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One of the greatest assets to have in an emergency is a healthy and well-rounded food supply. Food storage isn’t just for preppers, though—it’s something every household should consider. Unexpected hardships, job losses, medical bills, or legal troubles can drain your bank account in a hurry. With food stores in place, your family will at least be able to eat for a few weeks (or months) until you’re back on your feet again.

Don’t think of food storage as paranoid food hoarding, instead think of it as a food insurance policy. And if you’re going to stock up on some staples, you might as well do it right. Here are ten of the most common mistakes that are made in food storage—and how to prevent the loss of your valuable food commodities.

1. Forgetfulness:

This is one of the worst crimes in food storage, and one of the easiest to fix. If you forget about some of your shorter-lived food supplies, then it’s very likely they’ll expire. We can all be guilty of this. Just this week, I found some cartons of chicken broth in my food stash that expired about a year ago.

With dry goods, I don’t worry about expiration dates very much. But with wet products, especially in “soft” packaging, you can’t afford the risk of using expired food and drink. Use a marker to write the expiration date larger on your containers and packages, and use good rotation practices to actually use the food you buy for storage.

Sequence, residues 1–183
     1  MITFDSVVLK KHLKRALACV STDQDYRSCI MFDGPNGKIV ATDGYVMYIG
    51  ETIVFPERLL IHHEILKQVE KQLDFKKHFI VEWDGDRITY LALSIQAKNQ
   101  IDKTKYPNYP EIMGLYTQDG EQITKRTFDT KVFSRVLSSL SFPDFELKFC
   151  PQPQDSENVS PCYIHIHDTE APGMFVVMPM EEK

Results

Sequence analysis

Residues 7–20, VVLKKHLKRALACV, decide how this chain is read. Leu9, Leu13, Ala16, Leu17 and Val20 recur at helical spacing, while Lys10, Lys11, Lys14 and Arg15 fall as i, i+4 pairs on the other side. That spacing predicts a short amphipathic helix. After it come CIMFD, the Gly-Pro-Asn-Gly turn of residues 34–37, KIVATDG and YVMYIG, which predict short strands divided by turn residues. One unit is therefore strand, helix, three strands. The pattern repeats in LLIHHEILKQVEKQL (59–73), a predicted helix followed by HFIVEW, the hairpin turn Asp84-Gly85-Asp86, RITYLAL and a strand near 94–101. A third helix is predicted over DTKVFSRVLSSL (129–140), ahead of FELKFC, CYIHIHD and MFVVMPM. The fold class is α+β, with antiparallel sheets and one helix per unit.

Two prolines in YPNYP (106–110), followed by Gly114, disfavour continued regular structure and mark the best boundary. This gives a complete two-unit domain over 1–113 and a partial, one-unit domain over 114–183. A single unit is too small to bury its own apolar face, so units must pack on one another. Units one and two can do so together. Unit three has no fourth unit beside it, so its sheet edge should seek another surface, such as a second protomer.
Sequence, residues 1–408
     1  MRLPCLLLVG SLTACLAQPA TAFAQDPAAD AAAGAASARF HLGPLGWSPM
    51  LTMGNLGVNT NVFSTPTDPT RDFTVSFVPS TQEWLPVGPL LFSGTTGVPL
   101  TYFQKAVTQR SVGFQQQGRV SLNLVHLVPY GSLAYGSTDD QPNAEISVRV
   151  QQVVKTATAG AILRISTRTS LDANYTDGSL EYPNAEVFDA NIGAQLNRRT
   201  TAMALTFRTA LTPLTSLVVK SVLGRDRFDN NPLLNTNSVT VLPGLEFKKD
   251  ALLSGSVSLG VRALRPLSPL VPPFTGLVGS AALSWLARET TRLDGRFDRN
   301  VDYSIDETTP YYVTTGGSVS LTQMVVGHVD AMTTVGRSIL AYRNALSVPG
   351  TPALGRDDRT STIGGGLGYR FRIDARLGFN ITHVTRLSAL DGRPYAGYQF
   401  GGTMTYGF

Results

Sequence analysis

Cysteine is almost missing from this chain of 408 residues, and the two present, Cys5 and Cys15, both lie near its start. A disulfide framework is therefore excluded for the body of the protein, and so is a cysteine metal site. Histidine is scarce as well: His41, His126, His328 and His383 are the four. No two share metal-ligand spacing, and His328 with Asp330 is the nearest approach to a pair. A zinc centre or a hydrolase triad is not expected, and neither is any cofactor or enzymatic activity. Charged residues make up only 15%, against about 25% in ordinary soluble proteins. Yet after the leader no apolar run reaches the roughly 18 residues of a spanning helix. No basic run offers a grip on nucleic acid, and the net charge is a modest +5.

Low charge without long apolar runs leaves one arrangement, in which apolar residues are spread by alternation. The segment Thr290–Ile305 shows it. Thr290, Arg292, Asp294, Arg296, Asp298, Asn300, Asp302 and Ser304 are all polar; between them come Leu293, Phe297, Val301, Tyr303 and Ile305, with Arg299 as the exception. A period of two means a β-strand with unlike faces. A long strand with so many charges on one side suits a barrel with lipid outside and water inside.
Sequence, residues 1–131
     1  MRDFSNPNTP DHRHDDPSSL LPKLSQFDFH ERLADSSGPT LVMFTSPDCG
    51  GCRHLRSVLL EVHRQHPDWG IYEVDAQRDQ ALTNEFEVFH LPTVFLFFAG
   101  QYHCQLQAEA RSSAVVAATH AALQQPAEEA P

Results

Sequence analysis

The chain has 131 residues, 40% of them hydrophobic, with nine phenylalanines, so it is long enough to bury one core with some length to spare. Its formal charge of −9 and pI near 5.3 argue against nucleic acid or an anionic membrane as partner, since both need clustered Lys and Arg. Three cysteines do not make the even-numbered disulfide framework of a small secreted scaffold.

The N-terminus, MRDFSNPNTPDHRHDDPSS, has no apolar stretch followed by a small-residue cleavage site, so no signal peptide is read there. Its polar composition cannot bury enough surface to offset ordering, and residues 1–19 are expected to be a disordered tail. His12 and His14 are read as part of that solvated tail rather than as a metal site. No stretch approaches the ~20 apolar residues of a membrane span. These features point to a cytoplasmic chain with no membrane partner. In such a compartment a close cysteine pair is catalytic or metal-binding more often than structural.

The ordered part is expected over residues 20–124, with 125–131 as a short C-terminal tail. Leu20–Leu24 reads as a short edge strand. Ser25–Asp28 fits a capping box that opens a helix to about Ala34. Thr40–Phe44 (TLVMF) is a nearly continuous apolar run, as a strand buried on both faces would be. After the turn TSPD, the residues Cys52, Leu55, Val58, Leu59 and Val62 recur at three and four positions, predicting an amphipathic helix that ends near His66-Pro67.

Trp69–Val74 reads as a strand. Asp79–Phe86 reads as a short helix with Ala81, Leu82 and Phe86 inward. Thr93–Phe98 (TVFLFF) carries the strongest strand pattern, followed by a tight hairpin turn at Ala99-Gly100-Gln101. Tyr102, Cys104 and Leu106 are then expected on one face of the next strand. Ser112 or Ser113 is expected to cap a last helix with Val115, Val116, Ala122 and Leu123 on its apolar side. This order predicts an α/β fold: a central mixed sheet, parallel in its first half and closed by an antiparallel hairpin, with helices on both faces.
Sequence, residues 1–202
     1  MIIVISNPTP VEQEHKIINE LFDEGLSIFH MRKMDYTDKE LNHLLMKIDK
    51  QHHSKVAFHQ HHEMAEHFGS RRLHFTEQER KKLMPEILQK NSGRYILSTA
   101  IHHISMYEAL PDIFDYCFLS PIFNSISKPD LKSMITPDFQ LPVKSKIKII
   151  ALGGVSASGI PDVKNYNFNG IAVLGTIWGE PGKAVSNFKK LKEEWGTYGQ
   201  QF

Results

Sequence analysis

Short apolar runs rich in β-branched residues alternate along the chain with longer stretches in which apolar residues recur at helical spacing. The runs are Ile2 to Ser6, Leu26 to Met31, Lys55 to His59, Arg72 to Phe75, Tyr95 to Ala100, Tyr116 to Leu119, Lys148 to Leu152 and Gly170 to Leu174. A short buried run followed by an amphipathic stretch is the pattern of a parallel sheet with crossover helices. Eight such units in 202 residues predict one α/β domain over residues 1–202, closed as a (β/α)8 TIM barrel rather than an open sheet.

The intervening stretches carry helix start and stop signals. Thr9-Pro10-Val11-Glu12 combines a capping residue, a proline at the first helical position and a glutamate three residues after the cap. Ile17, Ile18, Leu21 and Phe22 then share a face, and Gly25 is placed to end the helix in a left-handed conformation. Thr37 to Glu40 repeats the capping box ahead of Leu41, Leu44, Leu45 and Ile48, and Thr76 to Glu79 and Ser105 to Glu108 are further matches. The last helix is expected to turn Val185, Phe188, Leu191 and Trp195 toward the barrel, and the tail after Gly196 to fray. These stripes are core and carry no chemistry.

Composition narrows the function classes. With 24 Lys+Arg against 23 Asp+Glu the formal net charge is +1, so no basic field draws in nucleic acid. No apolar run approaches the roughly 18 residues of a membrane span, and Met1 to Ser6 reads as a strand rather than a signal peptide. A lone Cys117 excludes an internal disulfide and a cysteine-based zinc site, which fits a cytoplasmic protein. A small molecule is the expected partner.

2. Temperature:

The temperature of your storage area can play a big role in the longevity of the food you’ve set aside. Cooler is better than warmer, and a constant temperature is better than a fluctuating one.

Take your food storage out of the garage, for example, and move it to the basement. The seasonal hot and freezing temperatures of the average garage can drastically shorten your food’s lifespan, but the steady cool of the basement can make it last.

3. Light:

Sunlight sure is handy for growing food, but after that the relationship takes a sour turn. If you can’t store your food in containers that are impermeable to light, then store them in a dark place. Those jars of home-canned veggies will start tasting pretty weird if you store the clear jars in a sunny area. They won’t last long, either.

4. Moisture:

Like sunlight, you need moisture to grow the food, but it doesn’t do you much good after that. A dry place is the best place to store your food, and for dry-food staples, the moisture should be low inside the packaging too. Place food-grade desiccant packs inside the bucket, jar, or bag of food to suck up the spare moisture and make the food last longer.

5. Oxygen:

Low levels of oxygen can equate to low levels of spoilage. Purchase oxygen-absorbing packets from food storage specialty suppliers to use inside your food containers. These are sold in a variety of sizes and measured in CCs.

In a quart jar of dry goods, you could use 50 to 100 CC packets. Use 50 CCs for rice, flour, and mixes. Use 100 CCs for beans and pasta. In a five-gallon bucket, you’ll need about 1,000 CCs. Use more than that (around 1,500 CCs) if the bucket is full of beans or pasta. That’s a heck of a lot of pasta—more than 35 pounds worth and more than 60,000 calories on average.

6. Air: